Excerpt: 'Love It or Leave It'

George W. Bush made me want to be an American. It was a need I had not known before. A desire that came over me in a rush one day in 2003, not unlike the pencil-necked honors student who is suddenly overwhelmed by the urge to make a daily gift of his lunch money to the schoolyard tough. I had lived in the United States for over twenty years, under numerous other administrations, including the Reagan 80s in New York City; a time when greed was magically transformed from vice to virtue. And after that came the even greedier 90s, where the money flowed like water and everybody's boat rose with the tide (except, of course, for those forgotten souls who had been provided not with boats but with stones, and no one told them. Oh well, tra la), and all through that time I was sufficiently satisfied with a civic life of paying taxes and the occasional protest.

But George changed all that for me. I needed the vote. After two-plus decades, it started to seem a little bit coy to still be playing the Canadian card. I felt like the butt of that old joke about the very proper lady who, when asked if she would have sex with a strange man for a million dollars, allows that yes she would do it, for a million dollars. But when asked if she would do the same thing for a can of Schlitz and a plastic sleeve of beer nuts, reels back with an affronted, "What do you think I am?" to which the only response is, "Madam, we have already established what you are. Now we're just quibbling about the price." Becoming a citizen merely named a state of affairs that had already been in place for a long time.

The naturalization application can be downloaded from the government's website. It is ten pages long but can be filled out over the course of an industrious day or two. It took me four months and one week. I got delayed twice, although not by the usual pitfalls. I had no problem, for example, with Part 7, Section C, in which I had to account for every trip I have taken out of the United States over twenty-four hours' duration for the last ten years. I have kept every datebook I have ever owned. I created a table with columns, listing exact dates of departure and return, plus my destination; a document of such surpassing beauty, it was virtually scented.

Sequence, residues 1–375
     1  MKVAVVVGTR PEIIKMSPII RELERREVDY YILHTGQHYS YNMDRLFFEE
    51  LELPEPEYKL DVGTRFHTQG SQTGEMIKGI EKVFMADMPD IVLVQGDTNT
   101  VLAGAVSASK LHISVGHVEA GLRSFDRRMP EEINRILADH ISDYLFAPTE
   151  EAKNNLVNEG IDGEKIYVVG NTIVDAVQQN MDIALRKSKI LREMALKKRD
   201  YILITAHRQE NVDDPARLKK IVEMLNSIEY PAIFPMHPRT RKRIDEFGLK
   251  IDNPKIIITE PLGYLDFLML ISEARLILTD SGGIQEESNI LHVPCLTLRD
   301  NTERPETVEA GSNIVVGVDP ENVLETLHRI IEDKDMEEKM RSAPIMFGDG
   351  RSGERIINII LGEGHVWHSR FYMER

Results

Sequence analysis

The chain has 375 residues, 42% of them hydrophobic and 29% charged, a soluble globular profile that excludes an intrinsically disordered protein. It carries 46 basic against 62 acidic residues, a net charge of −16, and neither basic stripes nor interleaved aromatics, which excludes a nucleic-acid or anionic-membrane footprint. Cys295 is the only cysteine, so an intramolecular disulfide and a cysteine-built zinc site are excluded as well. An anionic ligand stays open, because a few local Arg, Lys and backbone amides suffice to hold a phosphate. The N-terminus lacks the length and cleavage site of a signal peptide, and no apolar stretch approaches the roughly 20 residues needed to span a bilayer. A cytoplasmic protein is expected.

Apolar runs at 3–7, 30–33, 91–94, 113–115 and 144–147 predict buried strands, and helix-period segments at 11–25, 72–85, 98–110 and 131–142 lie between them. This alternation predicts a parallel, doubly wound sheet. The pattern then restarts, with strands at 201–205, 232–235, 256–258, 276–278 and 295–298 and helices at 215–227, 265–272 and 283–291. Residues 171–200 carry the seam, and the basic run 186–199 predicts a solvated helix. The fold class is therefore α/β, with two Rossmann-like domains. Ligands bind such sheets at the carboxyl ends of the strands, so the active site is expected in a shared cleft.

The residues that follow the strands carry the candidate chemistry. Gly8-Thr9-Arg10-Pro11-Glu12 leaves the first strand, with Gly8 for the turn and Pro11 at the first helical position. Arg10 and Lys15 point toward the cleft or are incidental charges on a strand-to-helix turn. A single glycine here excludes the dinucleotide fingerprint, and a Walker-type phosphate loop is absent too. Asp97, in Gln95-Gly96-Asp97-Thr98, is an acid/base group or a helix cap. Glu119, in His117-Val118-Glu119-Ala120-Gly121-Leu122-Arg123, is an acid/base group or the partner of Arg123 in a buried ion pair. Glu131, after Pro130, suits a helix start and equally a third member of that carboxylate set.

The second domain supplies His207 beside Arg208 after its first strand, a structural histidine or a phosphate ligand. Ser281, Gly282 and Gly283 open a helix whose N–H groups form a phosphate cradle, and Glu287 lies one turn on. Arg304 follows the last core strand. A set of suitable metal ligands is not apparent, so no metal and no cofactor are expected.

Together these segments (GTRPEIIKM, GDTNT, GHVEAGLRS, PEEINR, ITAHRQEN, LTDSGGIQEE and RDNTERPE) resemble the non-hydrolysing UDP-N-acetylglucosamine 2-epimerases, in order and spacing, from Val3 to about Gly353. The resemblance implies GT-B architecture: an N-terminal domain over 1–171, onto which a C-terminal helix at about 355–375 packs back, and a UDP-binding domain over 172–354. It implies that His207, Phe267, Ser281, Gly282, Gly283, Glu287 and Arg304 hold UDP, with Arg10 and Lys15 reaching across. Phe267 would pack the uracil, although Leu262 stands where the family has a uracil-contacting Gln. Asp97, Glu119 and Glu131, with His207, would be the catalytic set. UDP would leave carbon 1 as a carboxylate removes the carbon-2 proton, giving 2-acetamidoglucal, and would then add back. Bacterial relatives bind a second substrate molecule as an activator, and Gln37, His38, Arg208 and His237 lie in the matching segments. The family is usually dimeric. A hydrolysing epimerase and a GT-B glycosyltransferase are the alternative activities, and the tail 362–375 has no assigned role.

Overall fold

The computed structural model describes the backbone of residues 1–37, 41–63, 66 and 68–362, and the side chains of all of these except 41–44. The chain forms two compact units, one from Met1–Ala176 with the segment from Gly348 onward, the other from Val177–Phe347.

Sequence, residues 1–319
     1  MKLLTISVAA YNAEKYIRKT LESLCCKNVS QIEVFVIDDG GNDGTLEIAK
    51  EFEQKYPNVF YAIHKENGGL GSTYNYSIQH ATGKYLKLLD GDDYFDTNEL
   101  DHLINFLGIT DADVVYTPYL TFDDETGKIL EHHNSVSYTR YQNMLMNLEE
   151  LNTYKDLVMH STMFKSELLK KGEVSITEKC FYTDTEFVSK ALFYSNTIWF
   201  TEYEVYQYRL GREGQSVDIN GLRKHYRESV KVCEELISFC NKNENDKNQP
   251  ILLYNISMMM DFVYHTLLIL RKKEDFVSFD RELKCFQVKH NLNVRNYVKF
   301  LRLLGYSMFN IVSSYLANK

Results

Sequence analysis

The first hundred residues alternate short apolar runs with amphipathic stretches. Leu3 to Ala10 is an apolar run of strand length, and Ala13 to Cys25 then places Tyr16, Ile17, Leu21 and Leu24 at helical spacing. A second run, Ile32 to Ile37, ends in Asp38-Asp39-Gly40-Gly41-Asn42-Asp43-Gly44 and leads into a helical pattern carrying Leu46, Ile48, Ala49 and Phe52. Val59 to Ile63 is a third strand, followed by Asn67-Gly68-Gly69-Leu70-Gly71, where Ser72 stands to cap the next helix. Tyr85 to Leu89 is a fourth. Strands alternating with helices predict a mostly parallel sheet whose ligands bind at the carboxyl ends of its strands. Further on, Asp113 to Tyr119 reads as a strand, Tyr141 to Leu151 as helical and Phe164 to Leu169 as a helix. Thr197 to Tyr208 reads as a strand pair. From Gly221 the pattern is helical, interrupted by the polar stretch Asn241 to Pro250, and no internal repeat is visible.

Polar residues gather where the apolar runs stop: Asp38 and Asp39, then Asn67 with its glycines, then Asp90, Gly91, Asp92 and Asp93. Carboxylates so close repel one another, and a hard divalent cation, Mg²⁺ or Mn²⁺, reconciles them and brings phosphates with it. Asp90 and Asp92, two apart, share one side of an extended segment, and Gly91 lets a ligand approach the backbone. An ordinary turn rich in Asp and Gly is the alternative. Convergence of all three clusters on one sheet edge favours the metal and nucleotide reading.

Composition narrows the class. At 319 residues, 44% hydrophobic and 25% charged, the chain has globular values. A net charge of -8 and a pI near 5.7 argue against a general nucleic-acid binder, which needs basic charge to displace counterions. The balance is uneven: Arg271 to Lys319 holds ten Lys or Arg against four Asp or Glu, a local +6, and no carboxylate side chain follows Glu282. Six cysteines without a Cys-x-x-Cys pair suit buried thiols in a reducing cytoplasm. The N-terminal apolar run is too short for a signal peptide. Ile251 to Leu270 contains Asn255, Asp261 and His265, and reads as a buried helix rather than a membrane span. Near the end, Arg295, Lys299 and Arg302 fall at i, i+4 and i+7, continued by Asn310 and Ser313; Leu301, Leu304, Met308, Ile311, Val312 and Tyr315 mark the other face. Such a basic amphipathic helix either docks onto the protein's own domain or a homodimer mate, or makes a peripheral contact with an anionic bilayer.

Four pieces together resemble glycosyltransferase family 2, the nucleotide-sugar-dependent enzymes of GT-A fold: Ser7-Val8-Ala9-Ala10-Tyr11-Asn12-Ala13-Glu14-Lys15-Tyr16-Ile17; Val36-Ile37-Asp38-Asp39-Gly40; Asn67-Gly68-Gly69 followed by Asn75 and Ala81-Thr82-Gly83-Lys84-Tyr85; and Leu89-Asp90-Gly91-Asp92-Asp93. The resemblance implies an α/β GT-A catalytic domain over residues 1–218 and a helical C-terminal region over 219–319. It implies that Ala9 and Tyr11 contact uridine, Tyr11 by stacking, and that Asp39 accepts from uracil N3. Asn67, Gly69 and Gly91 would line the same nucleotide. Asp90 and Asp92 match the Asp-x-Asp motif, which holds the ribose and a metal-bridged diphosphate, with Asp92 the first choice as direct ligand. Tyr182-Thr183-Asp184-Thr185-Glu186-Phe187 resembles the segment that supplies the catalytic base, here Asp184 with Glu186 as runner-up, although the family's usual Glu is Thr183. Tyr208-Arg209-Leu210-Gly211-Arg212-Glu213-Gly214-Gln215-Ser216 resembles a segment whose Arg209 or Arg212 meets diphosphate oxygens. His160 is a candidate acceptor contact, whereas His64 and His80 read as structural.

No, my first hold-up occurred at Part 10, Section G, question 33: Are you a male who lived in the United States at any time between your 18th and 26th birthdays in any status except as a lawful nonimmigrant? I'll read it to you again: Are you a male who lived in the United States at any time between your 18th and 26th birthdays in any status except as a lawful nonimmigrant? I make my living with words and yet I could not for the life of me begin to parse this question with its imbedded double negatives and hypotheticals. I spent an entire afternoon trying to map the grammar of this question and came away with nothing but a headache and no idea. This was in early March. I put the form away in my drawer and forgot about it, my dreams of inalienable rights felled by just twenty-seven words. I put all thoughts of citizenship out of my head, until one evening in July, four months later when, as I was dropping off to sleep, the clauses drop into place and the lock turns and I realized the answer is a simple no.

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With inordinate self-satisfaction, I soldiered on. Had I ever been a habitual drunkard? I had not. A prostitute, a procurer, or a bigamist? Nuh-uh. Did I in any way aid, abet, support, work for, or claim membership in the Nazi government of Germany between March 23rd, 1933 and May 8th, 1945? Nein! Did I understand and support the Constitution? You betcha. If the law required it, would I be willing to bear arms on behalf of the United States?

Again I stopped. The same headache as before marched its little footsoldiers across my cranium. I put the application back into the drawer and got back into bed, not picking it up again until seven days later when I surprised myself by checking "Yes."

I figured it was grass soup. Grass soup is exactly what it sounds like. It's a recipe for food-of-last-resort that my father apparently has squirreled away somewhere. I have never actually seen this recipe, but it was referred to fairly often when I was a child. Should everything else go to hell, we could always derive sustenance from nutritious grass soup! At heart, it's an anxious, romantic fantasy that disaster and total financial ruin lurk just around the corner, but when they do come, they will have all the stark beauty and domestic fine feeling of a Dickens novel. Young Tiny Tim's palsied hand lifting a spoon to his rosebud mouth. "What delicious grass soup. I must be getting better after all," he will say, putting on a good show of it just as he expires, the tin utensil clattering to the rough wood table.

A grass soup situation, then, is a self-dramatizing one based on such a poorly-imagined and improbable premise as to render it beneath consideration. Just from what I've seen on the news, by the time you're reduced to using the lawn for food, any grass that isn't already gone--either parched to death or napalmed into oblivion--is probably best eaten on the run.

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All by way of saying, that if there ever came a time when the government of my new homeland was actually calling up the 40-plus asking-and-telling homosexuals with hypoactive thyroids to take up arms, something very calamitous indeed will have to have happened.

Excerpt: 'Love It or Leave It' | Culture